Affirmative Action

By Michael Sikivie

I’ve read the past few issues of The Mac Weekly and while I’ve found many editorials on racism, diversity, etc, I’ve found none on the recent elimination of need-blind admissions. This got me thinking about equality, or inequality, of opportunity in general, and specifically about race-based affirmative action in colleges and universities.

The argument for race-based affirmative action it seems, is that minority students coming from specific socio-economic backgrounds, have fewer opportunities and advantages than whites—no disagreement there.

So wouldn’t it be more logical to have affirmative action based on social class?

To fairly account for most any disadvantage or difficulty an applicant may have encountered in life an admissions committee could simply ask what kind of school they went to, how many parents are in their household, how educated they were, and how much money they make. Race-based affirmative action on the other hand, would mean that among applicants from the same kind of background, who attended schools with the same resources, minority students would be favored. There’s no way around the fact that that is racism—that is not merely an abstract or academic point either.

The beneficiaries of affirmative action are in majority, middle-class, and are not representative of the groups they are meant to “represent.” Roughly half of Americans go to college and many of those who go attend community colleges. Therefore, to be affected by affirmative action at all you must be, in a sense, more privileged then about 2/3 of Americans.

I’ve often struggled to understand the concept of race logically, because it has little to do with biology and everything to do with politics. We say a person is Hispanic because they come from a Spanish speaking country. Wouldn’t that logically mean a person from Haiti would belong to the francophone race, since Haiti is a French speaking country? But there is no such category. Are people from India black, white, or Asian? All I know is that humankind is over 99 percent genetically similar, and with the growing number of interracial marriages in this country I don’t know how the next generation of students will be categorized.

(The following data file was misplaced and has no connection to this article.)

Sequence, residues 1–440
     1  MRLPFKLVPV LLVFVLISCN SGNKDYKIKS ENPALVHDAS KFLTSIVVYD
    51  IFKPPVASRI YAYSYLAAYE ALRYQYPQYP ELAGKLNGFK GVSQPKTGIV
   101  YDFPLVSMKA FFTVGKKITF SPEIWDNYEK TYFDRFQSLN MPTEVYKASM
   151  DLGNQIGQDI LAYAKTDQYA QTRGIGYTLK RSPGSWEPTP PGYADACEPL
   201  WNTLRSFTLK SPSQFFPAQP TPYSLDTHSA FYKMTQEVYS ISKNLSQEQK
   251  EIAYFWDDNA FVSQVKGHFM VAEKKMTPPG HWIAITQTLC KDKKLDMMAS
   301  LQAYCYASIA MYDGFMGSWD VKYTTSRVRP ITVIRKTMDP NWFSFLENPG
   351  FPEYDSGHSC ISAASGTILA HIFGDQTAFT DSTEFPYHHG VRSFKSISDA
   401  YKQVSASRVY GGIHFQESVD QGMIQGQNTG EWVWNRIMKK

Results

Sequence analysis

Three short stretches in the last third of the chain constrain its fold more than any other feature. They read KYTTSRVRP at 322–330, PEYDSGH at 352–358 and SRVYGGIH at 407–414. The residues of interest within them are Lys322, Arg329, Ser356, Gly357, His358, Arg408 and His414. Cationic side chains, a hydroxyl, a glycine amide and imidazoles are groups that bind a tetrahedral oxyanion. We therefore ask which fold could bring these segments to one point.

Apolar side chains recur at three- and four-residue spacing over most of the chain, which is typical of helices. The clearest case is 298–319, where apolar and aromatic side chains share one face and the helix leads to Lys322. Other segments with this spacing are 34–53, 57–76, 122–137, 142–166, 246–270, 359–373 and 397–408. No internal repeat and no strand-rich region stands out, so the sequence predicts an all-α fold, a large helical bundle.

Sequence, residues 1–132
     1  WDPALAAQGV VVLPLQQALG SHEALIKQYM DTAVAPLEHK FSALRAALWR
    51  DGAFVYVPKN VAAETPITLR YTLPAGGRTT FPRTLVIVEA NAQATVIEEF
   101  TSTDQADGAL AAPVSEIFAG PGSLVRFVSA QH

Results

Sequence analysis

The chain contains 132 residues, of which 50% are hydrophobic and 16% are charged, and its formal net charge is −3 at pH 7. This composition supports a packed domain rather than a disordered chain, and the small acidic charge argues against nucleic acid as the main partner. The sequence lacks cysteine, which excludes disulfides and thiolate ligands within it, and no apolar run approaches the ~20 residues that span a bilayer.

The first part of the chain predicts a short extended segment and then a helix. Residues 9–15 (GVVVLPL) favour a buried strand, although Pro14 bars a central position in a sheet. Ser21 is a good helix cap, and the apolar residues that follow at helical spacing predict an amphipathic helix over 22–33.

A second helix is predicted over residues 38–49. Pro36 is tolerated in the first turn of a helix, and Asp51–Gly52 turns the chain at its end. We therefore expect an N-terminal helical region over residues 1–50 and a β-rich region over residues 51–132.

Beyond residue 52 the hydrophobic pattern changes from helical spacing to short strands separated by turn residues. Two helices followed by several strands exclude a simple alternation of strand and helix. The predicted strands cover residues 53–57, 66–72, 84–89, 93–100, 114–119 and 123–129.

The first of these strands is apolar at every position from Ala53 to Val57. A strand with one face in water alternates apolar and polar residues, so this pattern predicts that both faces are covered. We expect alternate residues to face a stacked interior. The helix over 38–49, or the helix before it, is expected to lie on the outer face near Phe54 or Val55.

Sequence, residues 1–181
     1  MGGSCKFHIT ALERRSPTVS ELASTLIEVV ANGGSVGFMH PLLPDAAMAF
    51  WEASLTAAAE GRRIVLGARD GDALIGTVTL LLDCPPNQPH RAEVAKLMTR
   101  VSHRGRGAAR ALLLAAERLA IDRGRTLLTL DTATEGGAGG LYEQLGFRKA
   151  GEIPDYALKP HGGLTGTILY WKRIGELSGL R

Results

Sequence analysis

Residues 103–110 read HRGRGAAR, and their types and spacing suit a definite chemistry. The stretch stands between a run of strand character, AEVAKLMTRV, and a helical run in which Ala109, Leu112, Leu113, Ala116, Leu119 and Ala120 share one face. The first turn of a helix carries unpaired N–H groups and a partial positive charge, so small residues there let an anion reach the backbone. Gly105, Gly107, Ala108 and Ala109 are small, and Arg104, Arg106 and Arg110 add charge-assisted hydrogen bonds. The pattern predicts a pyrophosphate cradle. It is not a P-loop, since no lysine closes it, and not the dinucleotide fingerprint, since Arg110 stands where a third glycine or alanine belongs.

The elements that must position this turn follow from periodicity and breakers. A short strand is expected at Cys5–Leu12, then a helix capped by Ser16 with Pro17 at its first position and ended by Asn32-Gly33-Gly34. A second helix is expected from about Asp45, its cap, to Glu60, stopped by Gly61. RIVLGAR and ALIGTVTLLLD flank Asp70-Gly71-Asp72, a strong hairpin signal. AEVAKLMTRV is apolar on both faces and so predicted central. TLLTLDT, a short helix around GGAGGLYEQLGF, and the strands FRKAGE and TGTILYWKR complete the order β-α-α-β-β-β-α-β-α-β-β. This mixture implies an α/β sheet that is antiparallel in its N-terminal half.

I don’t deny that there’s still discrimination in this world, from a boss choosing names for a job interview to the jury in a court of law or to a landlord choosing tenants in a city.

However, racist thinking can only be strengthened when successful minority college students can be dismissed as, say, “token black guys.” Don’t people feel disrespected when it’s implied that less is expected of them because of who they are?

To be fair, I should also attack legacy admissions and furthermore, nothing in college admissions is a complete solution to achievement gaps—they begin with toddlers in homes without books and preferential treatment unequally distributed based on class or race. This will only “help” people get in to schools that they are not prepared to attend. It is, however, an important issue I think the student body should think about.

Contact Michael Sikivie at [email protected]